We’ve recently posted pictures from our trip to Istanbul earlier this year. Whilst there we were lucky enough to attend the Turkish Grand Prix – a real challenge for a photographer. We spent two days trackside, grappling with 30 degree temperatures to get some shots of the drivers as they flew by. The challenge was to get a sharp, clearly focussed shot of car moving in excess of 150mph (often more), through crowds, barriers and mesh fencing.
We positioned ourselves next to the first corner – knowing that the cars would not be at full speed and therefore we had a better chance of scoring a winning shot. We also positioned ourselves at the exit of the pit lane – ensuring that we could get shots of the cars moving at vastly reduced speeds at 60mph.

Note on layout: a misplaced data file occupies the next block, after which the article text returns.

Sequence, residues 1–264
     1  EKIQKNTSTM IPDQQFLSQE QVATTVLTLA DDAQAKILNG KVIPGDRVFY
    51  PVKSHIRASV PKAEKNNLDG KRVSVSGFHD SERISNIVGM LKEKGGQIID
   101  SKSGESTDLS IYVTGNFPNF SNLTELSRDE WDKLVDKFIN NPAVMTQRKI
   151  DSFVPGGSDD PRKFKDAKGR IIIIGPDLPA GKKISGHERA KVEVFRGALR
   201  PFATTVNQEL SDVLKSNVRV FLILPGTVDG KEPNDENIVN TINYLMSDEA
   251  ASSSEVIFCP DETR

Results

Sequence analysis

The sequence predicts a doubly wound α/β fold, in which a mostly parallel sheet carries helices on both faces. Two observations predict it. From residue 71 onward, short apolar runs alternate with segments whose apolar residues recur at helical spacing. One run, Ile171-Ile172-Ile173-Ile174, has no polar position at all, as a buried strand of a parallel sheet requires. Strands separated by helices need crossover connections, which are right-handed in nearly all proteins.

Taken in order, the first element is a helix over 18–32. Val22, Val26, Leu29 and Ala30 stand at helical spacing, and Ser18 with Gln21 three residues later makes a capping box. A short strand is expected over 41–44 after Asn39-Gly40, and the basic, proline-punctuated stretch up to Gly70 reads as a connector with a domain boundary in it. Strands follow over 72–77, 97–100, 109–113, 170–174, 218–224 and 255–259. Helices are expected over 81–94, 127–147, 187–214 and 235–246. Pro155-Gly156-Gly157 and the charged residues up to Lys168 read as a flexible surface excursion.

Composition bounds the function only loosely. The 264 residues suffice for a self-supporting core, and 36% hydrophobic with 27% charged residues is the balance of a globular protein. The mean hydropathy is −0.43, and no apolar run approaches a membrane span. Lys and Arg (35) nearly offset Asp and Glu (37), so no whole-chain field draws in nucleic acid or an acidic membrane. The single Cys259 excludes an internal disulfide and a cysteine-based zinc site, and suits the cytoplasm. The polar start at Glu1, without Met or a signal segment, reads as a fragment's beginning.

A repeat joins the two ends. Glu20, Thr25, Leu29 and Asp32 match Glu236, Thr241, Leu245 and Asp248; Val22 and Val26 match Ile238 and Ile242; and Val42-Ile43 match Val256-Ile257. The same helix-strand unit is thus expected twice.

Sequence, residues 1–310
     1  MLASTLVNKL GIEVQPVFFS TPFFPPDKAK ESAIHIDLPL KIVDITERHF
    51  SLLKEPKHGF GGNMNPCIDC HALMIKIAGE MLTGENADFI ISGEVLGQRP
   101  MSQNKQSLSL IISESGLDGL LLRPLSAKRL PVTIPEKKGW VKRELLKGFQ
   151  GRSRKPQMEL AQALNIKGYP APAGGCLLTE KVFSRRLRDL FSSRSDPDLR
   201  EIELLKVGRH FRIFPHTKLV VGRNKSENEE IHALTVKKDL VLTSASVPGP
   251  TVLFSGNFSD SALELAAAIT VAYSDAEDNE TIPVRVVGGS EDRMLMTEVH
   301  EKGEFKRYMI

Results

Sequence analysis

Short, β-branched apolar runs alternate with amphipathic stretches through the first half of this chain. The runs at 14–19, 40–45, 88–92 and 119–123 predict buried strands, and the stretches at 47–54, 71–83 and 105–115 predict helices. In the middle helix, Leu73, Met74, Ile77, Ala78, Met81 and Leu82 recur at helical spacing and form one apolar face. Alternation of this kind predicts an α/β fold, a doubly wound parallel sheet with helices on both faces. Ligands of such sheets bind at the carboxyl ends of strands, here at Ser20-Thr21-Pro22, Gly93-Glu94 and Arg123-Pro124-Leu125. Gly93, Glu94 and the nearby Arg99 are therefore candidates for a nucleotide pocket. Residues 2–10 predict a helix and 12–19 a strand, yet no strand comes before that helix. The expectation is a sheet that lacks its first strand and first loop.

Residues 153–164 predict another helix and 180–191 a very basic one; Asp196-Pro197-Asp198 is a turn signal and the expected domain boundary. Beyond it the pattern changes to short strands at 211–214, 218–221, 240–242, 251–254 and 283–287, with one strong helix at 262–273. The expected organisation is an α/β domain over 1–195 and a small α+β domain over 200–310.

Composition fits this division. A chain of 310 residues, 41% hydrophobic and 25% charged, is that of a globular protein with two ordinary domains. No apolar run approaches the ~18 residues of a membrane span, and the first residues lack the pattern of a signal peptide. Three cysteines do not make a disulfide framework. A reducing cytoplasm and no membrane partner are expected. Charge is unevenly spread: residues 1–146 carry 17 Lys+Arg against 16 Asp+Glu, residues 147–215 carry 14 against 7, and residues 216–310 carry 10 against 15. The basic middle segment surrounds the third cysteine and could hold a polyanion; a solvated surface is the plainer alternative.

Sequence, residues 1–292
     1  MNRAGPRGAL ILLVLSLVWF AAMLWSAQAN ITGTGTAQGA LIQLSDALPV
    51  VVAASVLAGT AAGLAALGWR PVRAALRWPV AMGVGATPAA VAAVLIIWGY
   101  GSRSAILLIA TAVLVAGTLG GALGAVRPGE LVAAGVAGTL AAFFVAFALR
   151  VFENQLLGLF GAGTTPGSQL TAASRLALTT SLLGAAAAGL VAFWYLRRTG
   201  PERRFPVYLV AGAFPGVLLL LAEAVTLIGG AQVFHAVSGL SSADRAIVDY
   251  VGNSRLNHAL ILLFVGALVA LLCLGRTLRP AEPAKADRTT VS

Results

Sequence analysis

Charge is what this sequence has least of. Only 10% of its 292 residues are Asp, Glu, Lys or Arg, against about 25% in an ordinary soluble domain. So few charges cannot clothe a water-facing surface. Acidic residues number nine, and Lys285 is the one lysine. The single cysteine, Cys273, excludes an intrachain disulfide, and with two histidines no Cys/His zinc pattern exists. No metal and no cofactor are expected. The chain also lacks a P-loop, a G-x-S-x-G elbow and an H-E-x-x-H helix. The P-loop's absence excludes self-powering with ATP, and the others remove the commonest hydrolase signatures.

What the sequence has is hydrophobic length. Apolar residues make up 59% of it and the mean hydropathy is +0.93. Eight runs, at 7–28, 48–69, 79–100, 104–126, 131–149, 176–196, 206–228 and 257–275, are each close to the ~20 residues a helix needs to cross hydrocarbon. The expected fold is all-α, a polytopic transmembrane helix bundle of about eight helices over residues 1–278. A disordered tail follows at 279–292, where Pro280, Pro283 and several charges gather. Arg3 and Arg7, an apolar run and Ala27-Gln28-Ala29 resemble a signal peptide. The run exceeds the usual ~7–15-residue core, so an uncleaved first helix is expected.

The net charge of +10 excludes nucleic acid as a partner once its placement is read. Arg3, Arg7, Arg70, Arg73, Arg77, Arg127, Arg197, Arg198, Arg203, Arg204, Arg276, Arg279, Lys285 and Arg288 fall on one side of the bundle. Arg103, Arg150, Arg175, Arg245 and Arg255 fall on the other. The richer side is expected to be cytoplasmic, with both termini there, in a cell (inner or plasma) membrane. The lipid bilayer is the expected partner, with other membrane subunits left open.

With cameras on servo, F8 and by using a Cannon L 100-400 zoom lens, no tripod, we set the fastest ISO possible (100) in the midday sunshine and practised taking shots as the cars flew by. The trick is to move your camera with the subject and anticipate where the best shot can be taken on the circuit. By panning from left to right with the camera, we stood a better chance of the servo engaging on the subject for longer and grabbing that vital shot of Mark Webber and Lewis Hamilton on a flying lap. It’s a technique we’ve practiced when tracking flying birds – albeit at a much slower pace.
Also in the Turkish gallery, are shots taken around old Istanbul city – on the European side of the Bospherous. I especially like the ‘nice baubles’ shots – fun and colourful, items we wouldn’t normally focus our attention on, but which encapsulate the stalls of the Spice Market and Grand Bazaar.